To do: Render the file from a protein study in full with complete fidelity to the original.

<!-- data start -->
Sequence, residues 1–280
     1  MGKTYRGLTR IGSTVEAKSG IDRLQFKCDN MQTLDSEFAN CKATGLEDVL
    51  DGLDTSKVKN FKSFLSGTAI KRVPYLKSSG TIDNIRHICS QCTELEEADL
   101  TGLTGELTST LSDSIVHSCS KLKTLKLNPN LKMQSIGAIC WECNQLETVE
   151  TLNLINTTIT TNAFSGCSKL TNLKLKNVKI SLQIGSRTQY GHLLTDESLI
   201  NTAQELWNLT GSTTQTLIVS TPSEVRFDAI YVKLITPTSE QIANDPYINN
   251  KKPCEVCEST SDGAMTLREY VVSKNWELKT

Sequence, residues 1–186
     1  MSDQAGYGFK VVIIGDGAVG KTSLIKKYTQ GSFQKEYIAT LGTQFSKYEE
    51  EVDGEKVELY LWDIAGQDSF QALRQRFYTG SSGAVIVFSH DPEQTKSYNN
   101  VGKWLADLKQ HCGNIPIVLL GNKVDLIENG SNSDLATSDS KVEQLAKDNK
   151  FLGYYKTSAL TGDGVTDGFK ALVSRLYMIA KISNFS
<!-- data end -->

Sequence, residues 1–280
     1  MGKTYRGLTR IGSTVEAKSG IDRLQFKCDN MQTLDSEFAN CKATGLEDVL
    51  DGLDTSKVKN FKSFLSGTAI KRVPYLKSSG TIDNIRHICS QCTELEEADL
   101  TGLTGELTST LSDSIVHSCS KLKTLKLNPN LKMQSIGAIC WECNQLETVE
   151  TLNLINTTIT TNAFSGCSKL TNLKLKNVKI SLQIGSRTQY GHLLTDESLI
   201  NTAQELWNLT GSTTQTLIVS TPSEVRFDAI YVKLITPTSE QIANDPYINN
   251  KKPCEVCEST SDGAMTLREY VVSKNWELKT

Sequence, residues 1–186
     1  MSDQAGYGFK VVIIGDGAVG KTSLIKKYTQ GSFQKEYIAT LGTQFSKYEE
    51  EVDGEKVELY LWDIAGQDSF QALRQRFYTG SSGAVIVFSH DPEQTKSYNN
   101  VGKWLADLKQ HCGNIPIVLL GNKVDLIENG SNSDLATSDS KVEQLAKDNK
   151  FLGYYKTSAL TGDGVTDGFK ALVSRLYMIA KISNFS